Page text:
Intermountain Healthcare reduced the number of opioid tablets prescribed to patients in acute pain by 3.8 million in 2018, a step that’s helping to reduce the risk of opioid dependency and misuse in Utah.
Intermountain has made opioid reduction a top priority, and the dramatic drop in opioid tablets prescribed by Intermountain clinicians in 2018 means the system cut opioid prescriptions by more than 30 percent last year. Acute pain is categorized as short-term pain that typically accompanies events like a broken arm or a surgery.
“We knew these would be lofty goals and we’re encouraged by the reduction in opioid tablets and the success of our other opioid-reduction efforts. We knew these were the right steps to take,” said David Hasleton, MD, Intermountain Healthcare’s associate chief medical officer. “We’re continuing our focus to implement appropriate evidence-based opioid treatments, provide alternative forms of pain control for our patients, and educate providers and the public about the safe use of opioid medications.”
Related accomplishments in Intermountain’s opioid-reduction efforts:
- Intermountain exceeded its goal to increase medically-assisted treatment for opioid use disorders by more than 10 percent.
- Intermountain reduced by 29 percent the number of patients prescribed both opioids and benzodiazepines, a medication commonly used to treat anxiety and other psychological conditions. The combination of these two medications could put patients at risk for suppressed breathing.
As part of its ongoing opioid-reduction initiative, Intermountain’s 2019 goal is to reduce opioid tablets for acute pain by an additional five percent. Intermountain will also continue to increase access to medication-assisted treatment for opioid dependency and continue to advance opioid co-prescribing, which allows pharmacists, as well as physicians, to provide opioid-reversing drugs that can save the lives of people who overdose.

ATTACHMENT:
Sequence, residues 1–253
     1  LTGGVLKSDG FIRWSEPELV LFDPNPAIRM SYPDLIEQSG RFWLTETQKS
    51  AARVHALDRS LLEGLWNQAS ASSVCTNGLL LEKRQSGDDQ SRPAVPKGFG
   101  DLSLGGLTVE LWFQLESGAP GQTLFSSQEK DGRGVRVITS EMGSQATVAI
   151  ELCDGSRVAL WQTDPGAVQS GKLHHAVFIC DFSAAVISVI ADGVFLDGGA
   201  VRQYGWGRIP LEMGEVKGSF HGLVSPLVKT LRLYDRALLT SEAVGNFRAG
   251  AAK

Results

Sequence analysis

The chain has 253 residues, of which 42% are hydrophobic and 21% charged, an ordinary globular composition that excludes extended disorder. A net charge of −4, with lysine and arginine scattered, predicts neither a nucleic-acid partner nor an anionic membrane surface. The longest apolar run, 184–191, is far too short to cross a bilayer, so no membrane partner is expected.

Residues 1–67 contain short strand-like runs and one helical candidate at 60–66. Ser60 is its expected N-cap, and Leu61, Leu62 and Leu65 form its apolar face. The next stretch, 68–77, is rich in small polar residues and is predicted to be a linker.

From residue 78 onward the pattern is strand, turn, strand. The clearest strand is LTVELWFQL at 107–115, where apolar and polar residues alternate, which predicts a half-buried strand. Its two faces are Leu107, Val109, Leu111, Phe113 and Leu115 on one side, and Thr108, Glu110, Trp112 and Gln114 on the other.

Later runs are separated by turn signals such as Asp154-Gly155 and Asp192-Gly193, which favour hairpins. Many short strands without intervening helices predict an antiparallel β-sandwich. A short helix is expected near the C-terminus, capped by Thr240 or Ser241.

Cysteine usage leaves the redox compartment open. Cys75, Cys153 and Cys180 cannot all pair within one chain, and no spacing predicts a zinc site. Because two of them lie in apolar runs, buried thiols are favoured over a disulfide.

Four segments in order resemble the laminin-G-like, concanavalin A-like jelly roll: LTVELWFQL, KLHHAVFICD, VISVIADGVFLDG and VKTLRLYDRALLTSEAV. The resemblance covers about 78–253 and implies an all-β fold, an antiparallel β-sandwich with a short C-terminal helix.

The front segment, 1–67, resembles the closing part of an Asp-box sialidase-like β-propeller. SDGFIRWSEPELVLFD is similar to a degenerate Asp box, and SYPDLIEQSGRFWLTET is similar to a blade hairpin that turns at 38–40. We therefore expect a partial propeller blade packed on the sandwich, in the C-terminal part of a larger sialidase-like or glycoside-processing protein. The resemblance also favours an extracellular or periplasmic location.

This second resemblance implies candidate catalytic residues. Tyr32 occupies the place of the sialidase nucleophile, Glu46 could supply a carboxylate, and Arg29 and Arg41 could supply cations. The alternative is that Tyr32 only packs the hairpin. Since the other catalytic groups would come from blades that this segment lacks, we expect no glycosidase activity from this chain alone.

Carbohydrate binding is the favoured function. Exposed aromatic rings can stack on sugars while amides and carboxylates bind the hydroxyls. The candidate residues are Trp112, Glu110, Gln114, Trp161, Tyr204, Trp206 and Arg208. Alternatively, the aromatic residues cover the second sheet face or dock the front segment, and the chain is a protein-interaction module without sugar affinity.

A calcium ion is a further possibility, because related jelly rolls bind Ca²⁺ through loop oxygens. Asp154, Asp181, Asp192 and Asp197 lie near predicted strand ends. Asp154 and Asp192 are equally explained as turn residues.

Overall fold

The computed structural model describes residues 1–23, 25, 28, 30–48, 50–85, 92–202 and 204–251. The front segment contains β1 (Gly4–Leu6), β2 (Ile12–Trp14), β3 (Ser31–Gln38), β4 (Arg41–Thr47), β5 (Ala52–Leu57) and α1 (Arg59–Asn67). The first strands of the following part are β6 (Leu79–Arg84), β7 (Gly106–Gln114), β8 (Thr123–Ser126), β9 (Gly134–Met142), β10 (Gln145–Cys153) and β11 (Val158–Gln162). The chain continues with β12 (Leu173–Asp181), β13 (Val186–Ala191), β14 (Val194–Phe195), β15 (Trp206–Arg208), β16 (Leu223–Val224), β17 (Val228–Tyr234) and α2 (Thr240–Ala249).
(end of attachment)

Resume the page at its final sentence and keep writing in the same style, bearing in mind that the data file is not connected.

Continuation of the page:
The state of Utah has made significant strides in addressing the national opioid epidemic. The Centers for Disease Control and Prevention reported in August that Utah was one of a few states that saw a decline in opioid-related deaths.
The CDC reported a near 12 percent reduction in deaths in Utah from January 2017 to January 2018. Efforts by providers such as Intermountain, and increased access to the opioid-reversing drugs naloxone and Narcan, have contributed to this reduction.
Intermountain’s efforts to reduce opioid misuse also includes medication disposal and collaborating with state, local governments, and community partners through the “Use Only As Directed” public awareness campaign. More information on public awareness messaging can be found at www.useonlyasdirected.org.
Intermountain pharmacy drop-boxes have received over 26,000 pounds of medication since February 2015. Intermountain has also helped give out more than 1,700 naloxone kits. Intermountain pharmacies also offer naloxone kits for purchase without a prescription and the system has helped to fund additional kits for Utah Naloxone, which is a coalition of prescribers, pharmacists, public health workers, recovery advocates, and people who’ve lost loved ones to the opioid epidemic.
“We understand it takes all of us working together to reverse the opioid epidemic. Utah has great coalitions that are coming together for the safety of our families, our friends, and our communities,” said Lisa Nichols, Intermountain Healthcare’s Community Health executive director. “We’re encouraged by our successes so far, but we’re not where we need to be yet. We’re committed to continuing the fight against opioid misuse and abuse.”Click on infographic to download high resolution image.